Mo Gilligan at Latitude | Review by Steve Bennett

Mo Gilligan at Latitude

Review by Steve Bennett

Mo Gilligan has shot to success via an unconventional route, building his fan base via character sketches online, largely bypassing the traditional industry until he caught the attention of TV executives. Now he can play the Royal Albert Hall, has landed his own Channel 4 pilot and plays second banana to grime star Big Narstie on his  show.

But although Gilligan’s rise might be slightly unorthodox, his stand-up is unapologetically in the mainstream. So many of his routines start ‘remember when…’ as seeks common ground through shared nostalgia.

He might joke that he’s a token nod to diversity for the predominantly white Latitude, or use the fact that his father is a Rastafarian to offer a reggae-inspired spin on nursery rhymes, but he emphasises similarities more than differences.

Thus he tells the festival crowd universal stories about childhood days spent ‘playing out’, nipping home to raid the kitchen of ice lollies and crisps and begging his mum for spending money. Or at school, the thrill of finally seeing a teacher lose their cool. There’s usually a joke at the end of this, but more important is the journey.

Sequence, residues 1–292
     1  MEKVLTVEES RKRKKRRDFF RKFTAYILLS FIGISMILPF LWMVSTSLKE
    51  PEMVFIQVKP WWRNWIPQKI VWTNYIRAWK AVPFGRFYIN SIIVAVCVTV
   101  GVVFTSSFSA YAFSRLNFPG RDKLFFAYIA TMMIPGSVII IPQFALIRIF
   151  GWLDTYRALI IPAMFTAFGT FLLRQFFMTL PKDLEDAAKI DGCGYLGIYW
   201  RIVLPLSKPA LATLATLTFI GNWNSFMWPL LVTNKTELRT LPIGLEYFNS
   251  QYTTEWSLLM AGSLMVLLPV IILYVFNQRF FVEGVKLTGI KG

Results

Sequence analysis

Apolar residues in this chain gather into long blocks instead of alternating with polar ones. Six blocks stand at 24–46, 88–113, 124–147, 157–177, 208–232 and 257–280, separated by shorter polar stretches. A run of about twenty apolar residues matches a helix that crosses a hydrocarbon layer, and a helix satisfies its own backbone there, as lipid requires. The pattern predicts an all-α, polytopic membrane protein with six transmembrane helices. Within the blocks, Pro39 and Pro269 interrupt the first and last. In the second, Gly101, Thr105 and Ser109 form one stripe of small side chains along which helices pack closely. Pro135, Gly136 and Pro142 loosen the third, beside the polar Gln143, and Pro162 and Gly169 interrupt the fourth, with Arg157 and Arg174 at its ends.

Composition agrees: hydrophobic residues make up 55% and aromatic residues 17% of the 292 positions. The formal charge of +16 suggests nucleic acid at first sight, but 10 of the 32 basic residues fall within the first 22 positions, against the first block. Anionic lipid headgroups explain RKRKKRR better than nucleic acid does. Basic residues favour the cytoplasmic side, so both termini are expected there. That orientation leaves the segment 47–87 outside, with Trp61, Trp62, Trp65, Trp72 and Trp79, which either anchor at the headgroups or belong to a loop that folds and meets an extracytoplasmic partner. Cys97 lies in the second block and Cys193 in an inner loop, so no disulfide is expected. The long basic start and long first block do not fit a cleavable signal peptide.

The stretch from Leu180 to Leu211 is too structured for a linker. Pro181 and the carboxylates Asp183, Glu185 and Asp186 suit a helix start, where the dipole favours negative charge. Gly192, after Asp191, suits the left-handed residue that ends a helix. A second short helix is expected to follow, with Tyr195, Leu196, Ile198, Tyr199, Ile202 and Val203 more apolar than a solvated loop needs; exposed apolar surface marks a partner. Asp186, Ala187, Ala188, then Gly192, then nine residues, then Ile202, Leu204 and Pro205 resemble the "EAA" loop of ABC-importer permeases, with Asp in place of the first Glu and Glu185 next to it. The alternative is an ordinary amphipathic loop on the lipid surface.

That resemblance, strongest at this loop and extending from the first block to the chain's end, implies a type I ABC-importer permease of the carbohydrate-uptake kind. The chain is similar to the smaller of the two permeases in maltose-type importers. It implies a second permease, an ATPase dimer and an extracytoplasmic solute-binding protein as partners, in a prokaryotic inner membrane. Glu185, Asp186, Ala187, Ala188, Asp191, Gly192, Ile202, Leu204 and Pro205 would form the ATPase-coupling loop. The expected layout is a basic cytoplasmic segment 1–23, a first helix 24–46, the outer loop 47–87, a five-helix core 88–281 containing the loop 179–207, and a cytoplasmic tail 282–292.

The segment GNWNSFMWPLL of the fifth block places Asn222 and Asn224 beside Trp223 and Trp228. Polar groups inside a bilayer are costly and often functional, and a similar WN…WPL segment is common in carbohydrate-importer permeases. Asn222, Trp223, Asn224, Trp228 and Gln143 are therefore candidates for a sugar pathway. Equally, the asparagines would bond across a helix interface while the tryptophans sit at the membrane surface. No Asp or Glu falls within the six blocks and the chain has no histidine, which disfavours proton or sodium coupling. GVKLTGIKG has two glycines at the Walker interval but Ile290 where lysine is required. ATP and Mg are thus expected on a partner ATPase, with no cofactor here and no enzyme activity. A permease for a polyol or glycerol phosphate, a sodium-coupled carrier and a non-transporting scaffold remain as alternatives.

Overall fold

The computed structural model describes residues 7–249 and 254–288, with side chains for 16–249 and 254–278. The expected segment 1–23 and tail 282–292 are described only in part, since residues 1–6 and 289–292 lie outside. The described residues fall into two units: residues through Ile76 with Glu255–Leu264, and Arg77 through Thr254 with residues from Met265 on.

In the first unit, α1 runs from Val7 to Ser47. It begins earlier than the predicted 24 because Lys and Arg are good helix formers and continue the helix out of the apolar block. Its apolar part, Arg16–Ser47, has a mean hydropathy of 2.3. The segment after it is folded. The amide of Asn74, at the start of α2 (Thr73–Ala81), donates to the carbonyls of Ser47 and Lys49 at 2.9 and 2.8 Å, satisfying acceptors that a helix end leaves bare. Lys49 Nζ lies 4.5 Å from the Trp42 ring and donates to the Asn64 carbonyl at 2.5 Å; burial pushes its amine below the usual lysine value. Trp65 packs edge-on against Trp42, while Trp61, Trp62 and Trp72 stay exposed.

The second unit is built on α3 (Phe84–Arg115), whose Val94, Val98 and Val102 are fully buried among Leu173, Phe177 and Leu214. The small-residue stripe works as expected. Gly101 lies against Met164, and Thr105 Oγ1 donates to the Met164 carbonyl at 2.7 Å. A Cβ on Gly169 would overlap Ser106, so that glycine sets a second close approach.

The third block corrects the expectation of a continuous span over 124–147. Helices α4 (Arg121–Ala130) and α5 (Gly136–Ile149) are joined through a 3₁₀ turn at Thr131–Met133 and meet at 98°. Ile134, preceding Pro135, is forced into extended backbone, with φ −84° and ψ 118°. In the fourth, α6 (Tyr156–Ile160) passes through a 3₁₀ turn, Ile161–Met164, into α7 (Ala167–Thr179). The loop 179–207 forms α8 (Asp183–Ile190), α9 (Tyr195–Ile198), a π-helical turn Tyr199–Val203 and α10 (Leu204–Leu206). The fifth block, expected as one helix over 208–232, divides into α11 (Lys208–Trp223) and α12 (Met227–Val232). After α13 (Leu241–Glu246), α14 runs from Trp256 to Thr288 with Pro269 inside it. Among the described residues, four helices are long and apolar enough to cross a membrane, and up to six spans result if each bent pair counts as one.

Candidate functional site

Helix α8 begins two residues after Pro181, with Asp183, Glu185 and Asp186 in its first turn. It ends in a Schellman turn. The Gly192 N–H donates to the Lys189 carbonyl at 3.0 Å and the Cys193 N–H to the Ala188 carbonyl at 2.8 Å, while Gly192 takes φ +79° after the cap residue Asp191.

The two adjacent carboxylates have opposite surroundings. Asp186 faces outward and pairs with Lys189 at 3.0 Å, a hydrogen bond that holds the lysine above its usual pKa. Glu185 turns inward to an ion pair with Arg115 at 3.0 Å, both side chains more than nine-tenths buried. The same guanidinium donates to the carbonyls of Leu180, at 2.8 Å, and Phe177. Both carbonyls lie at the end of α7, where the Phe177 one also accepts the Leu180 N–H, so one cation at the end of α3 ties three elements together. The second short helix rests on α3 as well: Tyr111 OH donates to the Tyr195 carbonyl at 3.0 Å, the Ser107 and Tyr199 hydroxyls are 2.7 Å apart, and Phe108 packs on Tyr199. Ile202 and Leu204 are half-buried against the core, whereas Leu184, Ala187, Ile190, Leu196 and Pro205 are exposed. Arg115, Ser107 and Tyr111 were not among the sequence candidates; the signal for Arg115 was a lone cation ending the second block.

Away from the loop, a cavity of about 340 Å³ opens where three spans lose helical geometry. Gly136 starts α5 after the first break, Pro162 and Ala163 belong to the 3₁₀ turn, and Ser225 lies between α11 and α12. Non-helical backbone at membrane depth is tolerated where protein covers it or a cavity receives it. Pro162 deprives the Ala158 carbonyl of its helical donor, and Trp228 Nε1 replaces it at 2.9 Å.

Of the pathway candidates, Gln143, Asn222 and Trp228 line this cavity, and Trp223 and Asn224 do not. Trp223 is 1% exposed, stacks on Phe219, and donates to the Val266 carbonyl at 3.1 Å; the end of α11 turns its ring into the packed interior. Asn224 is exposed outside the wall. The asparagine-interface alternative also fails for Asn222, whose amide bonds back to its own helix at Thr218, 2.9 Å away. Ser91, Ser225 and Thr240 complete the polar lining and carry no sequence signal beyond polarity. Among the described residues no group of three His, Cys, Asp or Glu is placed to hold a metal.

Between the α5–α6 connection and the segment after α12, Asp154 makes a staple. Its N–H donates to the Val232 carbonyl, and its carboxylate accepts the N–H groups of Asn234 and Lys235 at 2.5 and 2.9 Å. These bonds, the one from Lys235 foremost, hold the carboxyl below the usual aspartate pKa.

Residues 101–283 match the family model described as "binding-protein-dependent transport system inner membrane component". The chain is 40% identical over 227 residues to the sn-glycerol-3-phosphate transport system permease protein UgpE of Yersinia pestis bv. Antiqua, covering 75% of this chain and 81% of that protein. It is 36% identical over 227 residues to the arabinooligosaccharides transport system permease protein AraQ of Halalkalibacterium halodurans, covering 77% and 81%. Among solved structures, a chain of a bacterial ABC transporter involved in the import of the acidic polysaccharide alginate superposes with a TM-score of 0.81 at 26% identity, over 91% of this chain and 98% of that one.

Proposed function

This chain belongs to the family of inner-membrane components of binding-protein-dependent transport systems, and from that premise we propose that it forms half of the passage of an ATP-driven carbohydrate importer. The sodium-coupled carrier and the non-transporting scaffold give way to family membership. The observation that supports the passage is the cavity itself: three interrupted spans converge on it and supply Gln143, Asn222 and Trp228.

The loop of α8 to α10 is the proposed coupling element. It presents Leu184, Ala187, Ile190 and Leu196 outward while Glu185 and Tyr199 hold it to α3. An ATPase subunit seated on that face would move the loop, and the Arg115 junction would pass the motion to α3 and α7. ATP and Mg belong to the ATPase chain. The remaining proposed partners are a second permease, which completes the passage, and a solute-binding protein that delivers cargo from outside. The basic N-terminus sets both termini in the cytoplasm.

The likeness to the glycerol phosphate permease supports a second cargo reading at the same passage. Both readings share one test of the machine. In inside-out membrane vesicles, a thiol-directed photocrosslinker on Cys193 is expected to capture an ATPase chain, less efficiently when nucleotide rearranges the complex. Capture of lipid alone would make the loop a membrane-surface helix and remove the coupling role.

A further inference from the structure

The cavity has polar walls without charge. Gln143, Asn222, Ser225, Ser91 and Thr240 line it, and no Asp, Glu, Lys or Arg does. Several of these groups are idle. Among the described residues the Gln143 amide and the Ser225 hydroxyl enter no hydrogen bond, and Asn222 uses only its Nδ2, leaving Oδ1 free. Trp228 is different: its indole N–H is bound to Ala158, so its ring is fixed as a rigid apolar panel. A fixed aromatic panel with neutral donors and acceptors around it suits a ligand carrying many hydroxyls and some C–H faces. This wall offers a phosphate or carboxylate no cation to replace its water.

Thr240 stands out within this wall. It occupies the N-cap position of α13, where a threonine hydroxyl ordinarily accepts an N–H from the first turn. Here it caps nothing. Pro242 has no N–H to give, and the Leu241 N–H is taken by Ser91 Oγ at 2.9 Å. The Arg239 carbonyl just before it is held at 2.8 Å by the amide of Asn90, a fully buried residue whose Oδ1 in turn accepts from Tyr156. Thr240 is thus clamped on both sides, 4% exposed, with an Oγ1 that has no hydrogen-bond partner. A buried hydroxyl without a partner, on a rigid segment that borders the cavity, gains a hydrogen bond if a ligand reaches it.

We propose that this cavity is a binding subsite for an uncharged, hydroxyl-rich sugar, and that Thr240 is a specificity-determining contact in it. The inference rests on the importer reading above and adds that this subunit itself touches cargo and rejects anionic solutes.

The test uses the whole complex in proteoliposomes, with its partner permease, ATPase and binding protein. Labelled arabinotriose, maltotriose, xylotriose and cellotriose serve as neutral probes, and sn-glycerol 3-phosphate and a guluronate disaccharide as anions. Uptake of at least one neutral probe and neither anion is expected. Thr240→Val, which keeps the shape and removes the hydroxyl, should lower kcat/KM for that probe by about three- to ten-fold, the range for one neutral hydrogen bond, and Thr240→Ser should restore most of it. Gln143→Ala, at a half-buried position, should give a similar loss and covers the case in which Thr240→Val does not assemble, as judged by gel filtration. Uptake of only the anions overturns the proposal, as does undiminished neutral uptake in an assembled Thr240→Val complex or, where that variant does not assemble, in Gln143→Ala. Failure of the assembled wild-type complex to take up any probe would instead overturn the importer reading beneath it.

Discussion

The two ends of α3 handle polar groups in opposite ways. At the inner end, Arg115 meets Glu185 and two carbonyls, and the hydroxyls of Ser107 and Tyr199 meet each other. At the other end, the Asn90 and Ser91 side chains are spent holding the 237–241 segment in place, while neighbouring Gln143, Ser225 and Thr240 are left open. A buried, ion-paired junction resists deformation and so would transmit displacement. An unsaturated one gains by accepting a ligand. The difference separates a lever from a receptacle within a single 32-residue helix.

There’s a universality to his appeal, too: Gilligan is a polite, personable young man, full of easy charm and likability, the sort of chap any one would be happy to spend time with. That more than compensates for a scarcity of quotable punchlines – and the fact that of the identifiable jokes, many are on the predictable side. 

The familiarity of his routines achieves the difficult aim of being reassuring, rather than boring. His timing and understated control adds extra gloss, and he’s talented at acting out the scenarios he describes – complete with accents as required, and occasionally embellishing them further with a soundtrack, making them almost into standalone sketches.

From describing generic mums’ dancing to tales of outsmarting his teacher, this is not comedy of any profundity. But the most commercially successful comics rarely offer that. If you’re looking for someone to follow in the footsteps of observational comics such as Lee Mack or Peter Kay, you need not look much further than Gilligan. And you probably won't have to wait much longer until he’s as famous as those forebears, either. 

Review date: 14 Jul 2018
Reviewed by: Steve Bennett
Reviewed at: Latitude

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